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Assessing Indian entrepreneurs at Vertex Ventures

October 11, 2018

At Vertex, we have over ten general partners spread across the world and over 30 investment professionals that work in teams that make venture capital decisions every month. Coordinating across this global network is exciting because our partners have unique insights into their local ecosystems. So we sat down with Ben Matthias, managing partner at the Vertex Ventures Southeast Asia & India fund to learn about his insights into the Indian ecosystem. With Ben based in Bangalore, and investing in the Indian ecosystem for over a decade, he has a granular perspective on what works in the world’s most populous sub-continent.

You can learn more about Ben on our website here and from his Linkedin here.

What do you look for in an Indian startup?

I usually put Indian startups into two main buckets, those focusing on India as a market and those focused on the global market.

For Indian market focused startups, I see companies that are either focused on Indian consumers or ones focused on SME’s. In both cases these are businesses being built around consumers and SME’s getting on the mobile internet. In the case of consumer businesses, there are categories such as ecommerce, ticketing, etc. that are quite mature and well financed. However, there are other consumer areas that are still emerging such as:

  • Managing Finances, borrowing money or getting insurance
  • Content & Entertainment
  • Education & Learning
  • Managing Health

We see the above four trends as large growth areas for the average Indian. And remember that the Indian consumer is not willing to pay for convenience, because they’re more price sensitive. If it’s more pricey than the traditional way of doing things they would just choose the less convenient but cheaper option. Therefore, if you are playing in this consumer world, you have to be cheaper and more convenient and provide something that is not available elsewhere. It’s a tall order. The key area that we evaluate here are the unit economics. Can you make enough money from your customer to recover your acquisition cost several times over? Unless you provide something that the consumer can’t get elsewhere, you are always competing based on price and it becomes a difficult business to sustain.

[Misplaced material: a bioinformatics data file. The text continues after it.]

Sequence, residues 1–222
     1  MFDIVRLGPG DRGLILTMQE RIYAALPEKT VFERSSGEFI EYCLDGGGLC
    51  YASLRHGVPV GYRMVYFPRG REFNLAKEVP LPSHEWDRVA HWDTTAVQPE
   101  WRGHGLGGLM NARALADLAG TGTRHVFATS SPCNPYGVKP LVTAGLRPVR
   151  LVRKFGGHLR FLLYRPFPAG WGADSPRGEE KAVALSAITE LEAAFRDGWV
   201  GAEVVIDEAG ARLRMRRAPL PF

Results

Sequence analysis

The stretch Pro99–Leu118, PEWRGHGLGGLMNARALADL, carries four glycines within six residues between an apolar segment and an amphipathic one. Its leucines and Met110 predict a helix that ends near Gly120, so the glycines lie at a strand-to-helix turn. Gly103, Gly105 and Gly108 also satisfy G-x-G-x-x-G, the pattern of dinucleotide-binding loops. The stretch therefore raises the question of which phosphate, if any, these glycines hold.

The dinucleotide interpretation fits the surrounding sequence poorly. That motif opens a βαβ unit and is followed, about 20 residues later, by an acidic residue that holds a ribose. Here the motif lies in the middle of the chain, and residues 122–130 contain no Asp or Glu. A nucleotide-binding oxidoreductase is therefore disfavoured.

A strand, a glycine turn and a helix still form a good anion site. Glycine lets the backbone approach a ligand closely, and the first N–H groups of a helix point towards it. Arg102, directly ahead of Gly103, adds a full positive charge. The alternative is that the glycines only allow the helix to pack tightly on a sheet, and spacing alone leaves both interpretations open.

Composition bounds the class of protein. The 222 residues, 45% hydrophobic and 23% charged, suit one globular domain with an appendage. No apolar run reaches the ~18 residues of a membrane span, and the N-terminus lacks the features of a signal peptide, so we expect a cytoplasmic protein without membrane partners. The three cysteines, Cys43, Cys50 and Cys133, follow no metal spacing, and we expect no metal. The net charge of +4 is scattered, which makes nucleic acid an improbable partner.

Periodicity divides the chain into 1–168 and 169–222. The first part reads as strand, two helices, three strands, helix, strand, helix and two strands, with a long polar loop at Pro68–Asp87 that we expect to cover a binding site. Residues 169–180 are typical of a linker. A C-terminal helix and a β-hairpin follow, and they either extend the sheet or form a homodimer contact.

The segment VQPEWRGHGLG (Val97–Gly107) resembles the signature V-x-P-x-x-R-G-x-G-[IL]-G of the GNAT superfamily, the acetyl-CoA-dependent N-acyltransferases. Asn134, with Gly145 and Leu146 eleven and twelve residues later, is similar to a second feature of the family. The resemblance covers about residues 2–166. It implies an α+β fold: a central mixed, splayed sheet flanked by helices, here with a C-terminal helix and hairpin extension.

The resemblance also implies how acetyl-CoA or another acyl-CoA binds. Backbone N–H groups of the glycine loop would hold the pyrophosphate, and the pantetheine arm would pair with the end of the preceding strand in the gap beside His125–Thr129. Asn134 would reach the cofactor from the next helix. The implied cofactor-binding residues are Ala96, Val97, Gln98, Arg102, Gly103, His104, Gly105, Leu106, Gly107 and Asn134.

When we’re looking at businesses targeting the Indian SME, in addition to unit economics, we have to evaluate other criteria. Does this help the SME run their business more efficiently? Is the SME customer prepared to go through the process change required by the adoption of the new technology? What percentage of the customers discontinue using the technology in the first year? Are there enough indicators that this is a trend in India that will catch on?

How do you evaluate whether a company can go global?

I tend to ask the following questions when I’m evaluating the global potential of a company.

  1. Is this solving a problem that has not already been solved? For example, with Ace Turtle, the company is solving a problem that is very prevalent across Asia and this was confirmed to us by Capitaland, which is why they co-invested with us.
  2. Is the technology better than other incumbent solutions. If the technology isn’t better then there is no point of even going to market, no matter how much cheaper it is.
  3. Do the founders have the capability to sell globally? With Hotelogix, the company acquired more than a thousand customers outside of India without having a single employee outside India. They figured out how to get the customers via the phone and manage them remotely. With Flutura, the founders have the ability to get on a plane to any country in the world and close a deal with a Fortune 500 company. The point is in both cases, the founders have this skillset of working and closing deals internationally.
  4. Are there business partners that find a compelling enough value proposition to partner with the startup? With Cloudcherry, it has very active partnerships with Microsoft and Cisco with an active go-to-market with both. Flutura has a partnership with Hitachi. The fact that these big name companies are aligning themselves with the startups is a big validation for us as investors that they have a clear value differentiation and an ability to scale through these partners.

What is your read on the current state of Indian entrepreneurs?

India has always had a thriving entrepreneur ecosystem. Most of our entrepreneurs here have had some work experience before starting a company, although we are starting to see many people start companies directly out of college and in some cases, even before they graduate. Today, there is a good entrepreneur support system of mentors & accelerators and founders have realized the value of tapping into this.

The main advice I give to Indian entrepreneurs is to hire people smarter than yourself. That is the best way to build a scalable company.